Regardless of the borderline legality of this bag as a carry-on, it is definitely overkill on a normal weekend trip. However, it can be compacted with the external straps to be less bulky, which is probably why I’ve never been stop by an airline. On a recent four-day trip to the Netherlands, I packed the Porter 46 at about 60% capacity, leaving plenty of room to shed outer layers and bring some gifts home on the return flight. I prefer too much room over not enough.

On longer trips, it is surprisingly difficult to use the full 46 liters. Even when I had this bag maxed out when coming to Spain for the semester, I used the external straps to compress the bag as much as possible and hold my jacket externally.


A massive capacity means this bag is best suited for a one or two week trip. While I would love to also have a smaller pack for short trips in addition to this, my budget does not allow me to buy two quality bags. The only drawback with this bag on a short trip is that you have extra space…not a big deal. All that to say, this is your do-it-all, one quiver backpack.


Osprey Porter 46 front-load
The Osprey Porter 46 uses front-loading which means you can access your gear like a duffle bag without having to dig around to the bottom like normal backpacks.

Ok, let’s address one down side: the looks. I personally don’t think this bag is super good looking. Believe me, I fought hard with myself when choosing this over other packs I considered more appealing to the eye. So why did I pick the Porter? Besides the competitive price, this bag is so incredibly functional.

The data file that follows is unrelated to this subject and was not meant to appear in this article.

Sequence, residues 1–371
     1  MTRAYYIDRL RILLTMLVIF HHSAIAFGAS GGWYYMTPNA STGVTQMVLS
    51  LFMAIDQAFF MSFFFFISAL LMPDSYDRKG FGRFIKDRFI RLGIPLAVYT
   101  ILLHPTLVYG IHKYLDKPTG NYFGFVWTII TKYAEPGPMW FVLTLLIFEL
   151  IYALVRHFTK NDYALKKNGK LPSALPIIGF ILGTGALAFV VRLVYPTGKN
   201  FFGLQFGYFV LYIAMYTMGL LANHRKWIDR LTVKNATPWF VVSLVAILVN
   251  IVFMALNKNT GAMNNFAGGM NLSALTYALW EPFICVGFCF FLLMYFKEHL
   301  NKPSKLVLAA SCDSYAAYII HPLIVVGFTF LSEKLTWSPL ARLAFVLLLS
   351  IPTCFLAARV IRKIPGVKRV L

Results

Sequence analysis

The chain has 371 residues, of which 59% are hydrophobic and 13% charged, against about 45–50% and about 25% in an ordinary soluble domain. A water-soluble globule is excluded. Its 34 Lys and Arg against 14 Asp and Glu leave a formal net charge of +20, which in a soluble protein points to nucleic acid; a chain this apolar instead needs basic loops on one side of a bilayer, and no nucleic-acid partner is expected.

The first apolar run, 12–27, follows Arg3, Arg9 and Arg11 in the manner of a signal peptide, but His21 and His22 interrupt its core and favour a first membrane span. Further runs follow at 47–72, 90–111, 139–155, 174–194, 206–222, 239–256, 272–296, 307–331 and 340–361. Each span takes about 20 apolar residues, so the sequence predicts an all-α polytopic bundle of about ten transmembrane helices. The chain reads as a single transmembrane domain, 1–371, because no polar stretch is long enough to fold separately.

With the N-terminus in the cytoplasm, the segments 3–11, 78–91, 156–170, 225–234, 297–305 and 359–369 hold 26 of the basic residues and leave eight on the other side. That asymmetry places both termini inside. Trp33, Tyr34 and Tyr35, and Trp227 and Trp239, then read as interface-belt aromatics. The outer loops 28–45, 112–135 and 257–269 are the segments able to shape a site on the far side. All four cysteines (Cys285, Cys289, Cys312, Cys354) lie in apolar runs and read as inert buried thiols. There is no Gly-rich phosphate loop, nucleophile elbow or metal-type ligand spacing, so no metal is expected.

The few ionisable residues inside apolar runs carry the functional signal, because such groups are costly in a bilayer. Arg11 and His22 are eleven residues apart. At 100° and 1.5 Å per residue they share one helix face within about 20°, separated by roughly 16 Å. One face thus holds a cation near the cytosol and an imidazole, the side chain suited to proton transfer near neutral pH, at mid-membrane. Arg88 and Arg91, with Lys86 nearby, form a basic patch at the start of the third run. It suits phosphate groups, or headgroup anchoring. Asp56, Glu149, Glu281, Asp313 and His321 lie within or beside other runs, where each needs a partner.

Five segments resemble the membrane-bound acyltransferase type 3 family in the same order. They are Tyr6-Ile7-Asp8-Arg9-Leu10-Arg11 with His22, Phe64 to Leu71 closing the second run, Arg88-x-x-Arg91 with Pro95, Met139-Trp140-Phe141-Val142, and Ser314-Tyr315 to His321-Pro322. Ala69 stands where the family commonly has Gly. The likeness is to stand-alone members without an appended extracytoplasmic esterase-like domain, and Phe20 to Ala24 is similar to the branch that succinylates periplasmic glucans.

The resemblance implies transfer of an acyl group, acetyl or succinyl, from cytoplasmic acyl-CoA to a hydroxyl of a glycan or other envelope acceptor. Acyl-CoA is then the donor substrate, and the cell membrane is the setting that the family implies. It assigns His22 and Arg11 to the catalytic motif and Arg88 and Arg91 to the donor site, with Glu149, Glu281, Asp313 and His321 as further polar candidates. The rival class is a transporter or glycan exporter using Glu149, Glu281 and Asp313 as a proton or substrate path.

Front-loading (as opposed to top-loading) is the standout feature for me. Basically, it packs like a duffle bag yet carries like backpack. This means you easily access your gear but also have no problem walking longer distances with it – even when fully loaded.

Osprey Porter 46 with Osprey Daylite
The Osprey Porter 46 shown with the Osprey Daylite looped onto the exterior from above.

The rigid shell and straps on the back are the next most important things for me. The shell gives the pack a super solid, durable feel and also make it quite easy to pack by maintain shape while it is empty. The straps, as mentioned before, allow you to compress the pack and carry items externally.

Osprey Porter 46 with Osprey Daylite
A detail of the Osprey Porter 46 with the Osprey Daylite looped onto the exterior.

The last functional feature worth mentioning is the ability to fit the Osprey Daylite on the outside. This made the bag much more appealing to me since I already owned the Daylite. The Porter is designed to hold the pack by fastening it to four loops and/or using the straps. I also highly recommend the Daylite pack for a small pack. I have used mine for the past 3 seasons of mountain biking as well as small hikes or day trips and it is going strong.


One last thing worth mentioning is who you are getting this pack from. Osprey is a solid brand for a few reasons. First, they offer a guarantee on all of their products. That is, the All Mighty Guarantee. Osprey will repair anything they made – no matter what time it was produced – for free. They do this not only to back up their quality goods, but also as part of their mission to protect the environment.

Travel is expensive. Travel gear is expensive. But, at a certain point, you have to spend money on the things necessary for traveling. Although the bag is pushing MLC a bit and may lag in the looks category, it is an overall super solid backpack. I would highly recommend the Porter 46 to someone in need of a one-bag-travel pack. It comes at a great value, is functional, versatile and guaranteed to last a lifetime. Overall, Osprey nailed it.

Purchase these packs on Amazon at the links below.
Osprey Packs Porter 46 Travel Backpack
Osprey Packs Daylite Daypack